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Mark Prothero: Defending Gary Ridgeway, defeating the Chargers | GUEST COMMENTARY
By Mark Moschetti
Courtney Eronemo stood on the water-splashed deck of the King County Aquatic Center, basking in the glow of her first state girls swim meet.
Having just bagged a bronze medal in the individual medley and snared a silver in the butterfly, Eronemo, then a freshman at Kentwood High, had plenty of it in which to bask on that 2002 November night.
But as Eronemo was glowing, Conquerors coach Mark Prothero approached her, his face flush with a decidedly different feeling.
“He was crying, and he came up and hugged me and said, ‘This is going to be a fun ride, kid,’” Eronemo recalled. “I could see his emotion, and every part of him was invested in what he was doing.
“I remember that phrase,” Eronemo continued, her own voice choked with emotion last week, just a few days after Prothero died following a two-year battle with lung cancer. “I think of that phrase in (coaching) club swimming and whatever else I need to do.”
For Eronomo, now finishing up her nursing degree at Pacific Lutheran University, Prothero’s prediction was prescient. She would go on to win five state championships, each of them in a different event.
So it was indeed a fun ride.
But for hundreds upon hundreds of other swimmers who never tasted a title, the ride was just as fun.
Mark Prothero made sure of it.
He was just as passionate about the aquatic advice he offered to his athletes as he was about the legal advice he offered to his clients.
Opposing attorneys respected him. Opposing coaches did, too.
The courtroom was his love.
So was the pool.
“One thing I take from him ‚Äì and I never thought about it at the time ‚Äì was when he would coach summer league and end a team meeting, he would always say he had two rules: Have fun, and swim fast,” said Chris Veraya, who won the boys state backstroke title under Prothero in 2003. “One leads to the other.”
Veraya did more than swim fast. He’s now an attorney, as was Prothero. While his former coach didn’t specifically push him toward that field, Veraya acknowledged that “it’s hard growing up with the man and not thinking in that direction, (at least) in an indirect way.”
In fact, Prothero would become best known as one of the lead defense attorneys for Gary Ridgway, the Green River Killer. But in the midst of the high-profile, highly scrutinized case, Prothero acknowledged after a meet one afternoon that keeping his passions separated wasn’t always easy.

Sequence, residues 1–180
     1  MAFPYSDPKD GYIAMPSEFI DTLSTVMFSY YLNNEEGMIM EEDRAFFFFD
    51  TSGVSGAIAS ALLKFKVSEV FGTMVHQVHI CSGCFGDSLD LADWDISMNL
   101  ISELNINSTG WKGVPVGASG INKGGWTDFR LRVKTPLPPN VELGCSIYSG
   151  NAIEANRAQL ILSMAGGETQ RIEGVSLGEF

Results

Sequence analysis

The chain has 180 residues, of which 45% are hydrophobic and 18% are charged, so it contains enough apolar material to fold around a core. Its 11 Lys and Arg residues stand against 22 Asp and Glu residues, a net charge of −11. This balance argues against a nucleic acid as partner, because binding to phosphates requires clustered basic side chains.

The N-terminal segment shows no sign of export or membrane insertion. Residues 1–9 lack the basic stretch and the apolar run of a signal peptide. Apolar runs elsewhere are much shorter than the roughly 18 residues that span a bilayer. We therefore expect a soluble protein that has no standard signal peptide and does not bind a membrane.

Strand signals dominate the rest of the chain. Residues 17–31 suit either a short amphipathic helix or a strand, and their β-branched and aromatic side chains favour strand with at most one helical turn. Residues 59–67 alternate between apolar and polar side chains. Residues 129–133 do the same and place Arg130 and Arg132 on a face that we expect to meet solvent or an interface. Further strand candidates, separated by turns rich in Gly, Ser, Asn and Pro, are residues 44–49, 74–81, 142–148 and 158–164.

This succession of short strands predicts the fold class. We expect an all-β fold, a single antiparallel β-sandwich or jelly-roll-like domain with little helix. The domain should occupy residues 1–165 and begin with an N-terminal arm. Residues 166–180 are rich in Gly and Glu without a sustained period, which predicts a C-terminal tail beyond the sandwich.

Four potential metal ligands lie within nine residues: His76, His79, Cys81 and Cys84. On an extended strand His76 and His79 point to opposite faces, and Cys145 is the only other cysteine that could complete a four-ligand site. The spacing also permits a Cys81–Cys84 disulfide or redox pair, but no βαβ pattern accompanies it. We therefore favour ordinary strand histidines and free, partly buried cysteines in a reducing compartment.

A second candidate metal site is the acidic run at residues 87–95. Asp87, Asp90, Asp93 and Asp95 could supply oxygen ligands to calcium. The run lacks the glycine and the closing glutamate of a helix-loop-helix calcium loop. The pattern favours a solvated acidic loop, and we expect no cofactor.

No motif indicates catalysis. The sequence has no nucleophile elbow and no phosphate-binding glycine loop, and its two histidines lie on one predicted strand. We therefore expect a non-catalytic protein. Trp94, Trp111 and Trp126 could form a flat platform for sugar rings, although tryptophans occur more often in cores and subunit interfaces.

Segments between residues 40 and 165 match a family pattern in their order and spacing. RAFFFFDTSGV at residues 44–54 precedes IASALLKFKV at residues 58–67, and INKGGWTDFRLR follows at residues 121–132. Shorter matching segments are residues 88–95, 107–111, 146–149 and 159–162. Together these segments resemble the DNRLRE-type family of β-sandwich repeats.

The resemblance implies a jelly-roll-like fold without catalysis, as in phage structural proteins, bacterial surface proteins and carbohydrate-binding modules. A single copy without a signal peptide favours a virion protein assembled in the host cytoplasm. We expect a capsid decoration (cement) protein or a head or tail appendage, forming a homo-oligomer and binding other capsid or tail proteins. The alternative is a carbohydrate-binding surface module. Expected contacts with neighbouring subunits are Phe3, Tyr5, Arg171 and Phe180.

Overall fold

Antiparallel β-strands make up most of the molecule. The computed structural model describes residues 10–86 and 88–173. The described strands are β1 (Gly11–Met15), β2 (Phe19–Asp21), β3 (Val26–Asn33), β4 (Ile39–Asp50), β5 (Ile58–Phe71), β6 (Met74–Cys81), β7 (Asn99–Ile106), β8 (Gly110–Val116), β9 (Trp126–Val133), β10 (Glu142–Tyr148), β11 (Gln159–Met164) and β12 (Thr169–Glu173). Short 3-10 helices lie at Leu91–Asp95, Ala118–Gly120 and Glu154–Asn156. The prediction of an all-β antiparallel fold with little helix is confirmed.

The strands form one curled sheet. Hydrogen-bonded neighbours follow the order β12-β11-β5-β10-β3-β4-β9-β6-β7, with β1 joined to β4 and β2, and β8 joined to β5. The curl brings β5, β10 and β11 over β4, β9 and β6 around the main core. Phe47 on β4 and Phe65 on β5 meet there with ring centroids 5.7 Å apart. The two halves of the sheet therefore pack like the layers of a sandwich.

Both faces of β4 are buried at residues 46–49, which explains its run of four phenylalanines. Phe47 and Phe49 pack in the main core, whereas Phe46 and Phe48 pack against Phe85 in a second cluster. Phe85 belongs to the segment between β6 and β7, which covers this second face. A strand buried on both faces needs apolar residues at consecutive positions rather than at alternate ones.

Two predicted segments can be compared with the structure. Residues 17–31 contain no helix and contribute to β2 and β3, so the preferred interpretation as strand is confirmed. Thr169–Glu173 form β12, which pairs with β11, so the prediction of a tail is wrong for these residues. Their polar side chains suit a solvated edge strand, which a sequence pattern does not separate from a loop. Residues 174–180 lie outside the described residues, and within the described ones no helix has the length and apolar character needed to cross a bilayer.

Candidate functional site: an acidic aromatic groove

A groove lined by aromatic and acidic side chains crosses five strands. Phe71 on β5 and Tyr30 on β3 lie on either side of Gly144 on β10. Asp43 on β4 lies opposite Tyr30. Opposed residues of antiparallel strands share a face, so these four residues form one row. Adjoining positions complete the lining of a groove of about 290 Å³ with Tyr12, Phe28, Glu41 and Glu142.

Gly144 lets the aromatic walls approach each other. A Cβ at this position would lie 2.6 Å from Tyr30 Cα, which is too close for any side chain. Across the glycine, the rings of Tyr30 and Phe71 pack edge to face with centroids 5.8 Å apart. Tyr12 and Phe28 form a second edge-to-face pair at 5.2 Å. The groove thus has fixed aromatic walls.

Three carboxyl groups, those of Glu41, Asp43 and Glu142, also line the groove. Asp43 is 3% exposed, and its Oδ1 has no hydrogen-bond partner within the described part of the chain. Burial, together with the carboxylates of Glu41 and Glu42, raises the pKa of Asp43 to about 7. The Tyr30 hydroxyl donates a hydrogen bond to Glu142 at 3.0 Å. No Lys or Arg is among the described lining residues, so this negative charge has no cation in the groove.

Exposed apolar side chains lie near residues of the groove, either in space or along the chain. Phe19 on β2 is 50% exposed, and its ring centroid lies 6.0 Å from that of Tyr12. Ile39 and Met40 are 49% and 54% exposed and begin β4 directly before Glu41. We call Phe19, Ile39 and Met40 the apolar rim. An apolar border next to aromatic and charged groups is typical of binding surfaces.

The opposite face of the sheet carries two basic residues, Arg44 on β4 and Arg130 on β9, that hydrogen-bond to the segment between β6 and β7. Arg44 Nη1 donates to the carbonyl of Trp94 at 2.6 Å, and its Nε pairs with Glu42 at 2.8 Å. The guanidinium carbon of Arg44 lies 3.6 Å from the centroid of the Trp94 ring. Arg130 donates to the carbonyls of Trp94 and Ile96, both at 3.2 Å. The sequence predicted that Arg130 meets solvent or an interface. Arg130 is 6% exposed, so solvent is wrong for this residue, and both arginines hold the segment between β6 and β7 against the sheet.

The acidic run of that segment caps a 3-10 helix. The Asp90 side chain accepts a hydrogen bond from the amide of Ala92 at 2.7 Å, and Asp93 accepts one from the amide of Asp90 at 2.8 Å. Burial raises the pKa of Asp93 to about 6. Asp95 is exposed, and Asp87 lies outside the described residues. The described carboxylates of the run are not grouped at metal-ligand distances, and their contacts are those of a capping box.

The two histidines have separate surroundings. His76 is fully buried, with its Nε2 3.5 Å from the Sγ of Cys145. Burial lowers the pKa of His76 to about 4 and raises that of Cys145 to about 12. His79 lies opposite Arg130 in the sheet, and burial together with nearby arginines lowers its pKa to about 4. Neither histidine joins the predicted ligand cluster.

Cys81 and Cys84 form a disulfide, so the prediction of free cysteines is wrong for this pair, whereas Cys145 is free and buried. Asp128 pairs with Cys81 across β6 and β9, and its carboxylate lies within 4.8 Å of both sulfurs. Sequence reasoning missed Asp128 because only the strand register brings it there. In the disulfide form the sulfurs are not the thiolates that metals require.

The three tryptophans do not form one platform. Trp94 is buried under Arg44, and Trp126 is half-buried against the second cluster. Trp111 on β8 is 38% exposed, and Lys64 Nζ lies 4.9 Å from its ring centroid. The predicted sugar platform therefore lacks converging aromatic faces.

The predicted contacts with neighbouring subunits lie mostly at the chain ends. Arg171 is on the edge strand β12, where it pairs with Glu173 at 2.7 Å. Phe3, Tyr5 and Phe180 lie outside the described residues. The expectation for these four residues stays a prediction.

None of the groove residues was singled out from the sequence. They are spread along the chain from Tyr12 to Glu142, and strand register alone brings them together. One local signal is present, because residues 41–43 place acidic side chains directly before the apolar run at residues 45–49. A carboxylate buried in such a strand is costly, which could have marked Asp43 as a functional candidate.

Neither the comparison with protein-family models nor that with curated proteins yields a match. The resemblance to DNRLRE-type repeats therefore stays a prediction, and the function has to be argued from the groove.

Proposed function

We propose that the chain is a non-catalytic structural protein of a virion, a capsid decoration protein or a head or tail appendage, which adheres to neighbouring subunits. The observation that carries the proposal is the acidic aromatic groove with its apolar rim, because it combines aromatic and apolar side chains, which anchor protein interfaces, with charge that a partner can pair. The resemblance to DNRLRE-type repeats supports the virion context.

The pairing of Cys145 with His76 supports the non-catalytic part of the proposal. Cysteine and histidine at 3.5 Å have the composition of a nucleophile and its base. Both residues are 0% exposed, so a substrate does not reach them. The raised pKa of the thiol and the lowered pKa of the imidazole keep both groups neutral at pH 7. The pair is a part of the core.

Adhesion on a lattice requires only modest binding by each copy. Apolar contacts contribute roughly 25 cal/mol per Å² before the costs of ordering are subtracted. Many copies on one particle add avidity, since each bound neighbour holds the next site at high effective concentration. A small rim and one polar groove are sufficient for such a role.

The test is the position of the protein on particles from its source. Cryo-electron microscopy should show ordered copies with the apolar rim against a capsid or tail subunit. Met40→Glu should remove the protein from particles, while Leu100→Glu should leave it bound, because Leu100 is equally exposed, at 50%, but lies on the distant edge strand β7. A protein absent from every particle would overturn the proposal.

“You know, it’s kind of funny,” Prothero said in his usual articulate, well-thought-out tone. “I’ll be standing on the deck thinking about the case. But then I can be at my desk in the office trying to figure out how we can beat Kentridge.”
One could almost see Dave Wright smiling through the phone as he heard that story. Wright was KR’s head coach during a decade-long stretch when the South Puget Sound League North Division title usually came down to the dual meet between his Chargers and Prothero’s Conquerors.
“I always knew both of our teams were going to be good, and he was going to plan a meet as well as he possibly could,” said Wright, now the head girls coach at Tahoma. “I didn’t win ‘em all, and he didn’t win ‘em all. But it was always friendly. It’s just amazing when you think how the two teams stayed even-keel with each other the whole time.”
Wright also got the perspective of watching Prothero from a parent’s point of view. Daughter Erica Wright swam for Prothero as a Kentwood freshman.
“It was cool as a dad to watch him coach Erica,” Wright said. “The team was huge. But he knew everybody, he was fair to everybody, and he would acknowledge everybody. Erica was JV at the time, and she went to the non-qualifiers meet. But she still got attention from him, and that was great.”
The swimming community, the legal community ‚Äì and the community at large ‚Äì lost one of its giants all at the very same moment when the 57-year-old Prothero passed away on the morning of April 19.
A giant because Prothero’s priority was always someone other than himself.
He helped spearhead the successful drive to keep the Kent-Meridian Pool open when it was threatened with closure as King County got out of the swimming-pool business.
He was there to congratulate and pose for a photo with Renton High’s Steve Sholdra at the 2010 state meet when Sholdra broke Prothero’s 36-year-old school record in the 500-yard freestyle.
Whether he was coaching a local club team or during his decade-long tenure at Kentwood, Prothero’s knowledge and guidance helped turn good swimmers into excellent swimmers, and excellent swimmers into state title contenders ‚Äì and sometimes, state champions.
“He wasn’t worried about money, time, and all those other issues,” Kent School District athletic director Dave Lutes said in a Reporter article about Prothero last week. “He was there for the kids.”
He was indeed.
And Mark Prothero always made sure it was a fun ride.
Mark Moschetti is a former sports editor and sportswriter for the Valley Daily News and King County Journal.